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Report to our readers: "Drug Busts, Drunk Drivers and Deadlines"

Posted: Mon, Oct 7, 2013 9:02 AM
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It's been a busy time recently for area law enforcement agencies.  That has also made it a busy time for decorahnews.com. 

Several readers have been in conversation with us about the news stories we have posted about people arrested on drug charges or drunk driving charges, suggesting that it would have been better if we hadn't posted these news stories.

Here's our policy at decorahnews.com--if we learn about an arrest from local police, we will post a news story about it.  We do NOT withhold information from the public because the person arrested is "a good person" or a friend or a powerful local resident.  If the Decorah Police or Winneshiek County's Sheriff's Department issues a news release, we relay that information to the public.

We're not doing this because we're trying to embarrass anyone, or because we don't like them, or because we're bad people.  We're doing it because we're news reporters and that's our job.

One reader in particular asked a good question, though--why does it seem like the names of only some of the people who get arrested on drunk driving charges or drug charges make it into the news?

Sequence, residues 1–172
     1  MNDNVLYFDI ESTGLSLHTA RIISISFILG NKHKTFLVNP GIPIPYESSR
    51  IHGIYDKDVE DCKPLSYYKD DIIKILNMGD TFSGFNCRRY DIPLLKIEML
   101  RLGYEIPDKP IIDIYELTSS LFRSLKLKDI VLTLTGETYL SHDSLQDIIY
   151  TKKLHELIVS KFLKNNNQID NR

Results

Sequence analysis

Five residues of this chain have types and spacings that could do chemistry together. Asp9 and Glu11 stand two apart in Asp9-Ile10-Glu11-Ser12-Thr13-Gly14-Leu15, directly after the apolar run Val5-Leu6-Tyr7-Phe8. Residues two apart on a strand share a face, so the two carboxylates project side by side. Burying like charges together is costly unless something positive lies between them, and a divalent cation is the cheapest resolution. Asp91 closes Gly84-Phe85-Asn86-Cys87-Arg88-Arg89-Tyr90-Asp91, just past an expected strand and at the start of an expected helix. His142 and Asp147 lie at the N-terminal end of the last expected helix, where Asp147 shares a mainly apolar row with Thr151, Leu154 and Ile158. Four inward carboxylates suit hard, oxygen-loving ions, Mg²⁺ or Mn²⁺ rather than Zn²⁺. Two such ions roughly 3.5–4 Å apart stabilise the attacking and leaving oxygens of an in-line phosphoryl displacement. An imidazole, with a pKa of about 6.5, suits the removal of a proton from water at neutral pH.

We talked with local law enforcement officials about that question and have been told they ask how important the information is when making a decision about whether to issue a news release.  If someone gets pulled over to the side of the road and is charged with drunk driving, police probably won't issue a news release.  If someone runs off the road, a news release gets issued.  If someone is caught with two marijuana cigarettes, their names might not be put in a news release.  If there's an apartment with four people with a wide variety of drugs, that will make the news.

But, to repeat, our policy at decorahnews.com is pretty simple--If police issue a news release, we run a news story.

Finally, a word about the enforcement of the laws involving drugs and alcohol.  We all support those laws--in the abstract.  But when someone we know gets arrested, we say, "Don't the police have something better to do?"

That's the wrong reaction.  The reason there is a drug and alcohol problem in this area is because we excuse such behavior.  Instead of getting help for our friend, we criticize the police or the news media.  "Don't you have anything better to do?" we ask.  Actually, news reporters and police officers learn over time that they will get grief because of these arrests.  We do what we do because it's our job.  It's time for the public to do its job, too--helping the people involved in these arrests to kick their habits.

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